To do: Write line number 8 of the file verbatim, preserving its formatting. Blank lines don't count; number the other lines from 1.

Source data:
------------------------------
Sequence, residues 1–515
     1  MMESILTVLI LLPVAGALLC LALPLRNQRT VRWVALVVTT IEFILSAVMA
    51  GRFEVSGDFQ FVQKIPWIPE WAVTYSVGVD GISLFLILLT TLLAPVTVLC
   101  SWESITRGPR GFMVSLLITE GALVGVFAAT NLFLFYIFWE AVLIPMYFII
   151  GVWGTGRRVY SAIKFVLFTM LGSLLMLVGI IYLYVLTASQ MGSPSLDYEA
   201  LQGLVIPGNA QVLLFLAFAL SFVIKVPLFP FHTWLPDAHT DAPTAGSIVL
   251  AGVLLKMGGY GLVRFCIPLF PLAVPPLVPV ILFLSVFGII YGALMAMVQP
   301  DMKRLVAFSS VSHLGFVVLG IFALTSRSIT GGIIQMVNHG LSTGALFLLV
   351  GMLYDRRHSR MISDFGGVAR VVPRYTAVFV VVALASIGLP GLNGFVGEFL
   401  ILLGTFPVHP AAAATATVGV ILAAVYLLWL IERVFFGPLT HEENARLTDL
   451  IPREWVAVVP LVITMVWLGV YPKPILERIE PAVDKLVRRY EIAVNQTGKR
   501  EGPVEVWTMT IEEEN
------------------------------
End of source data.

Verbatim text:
   301  DMKRLVAFSS VSHLGFVVLG IFALTSRSIT GGIIQMVNHG LSTGALFLLV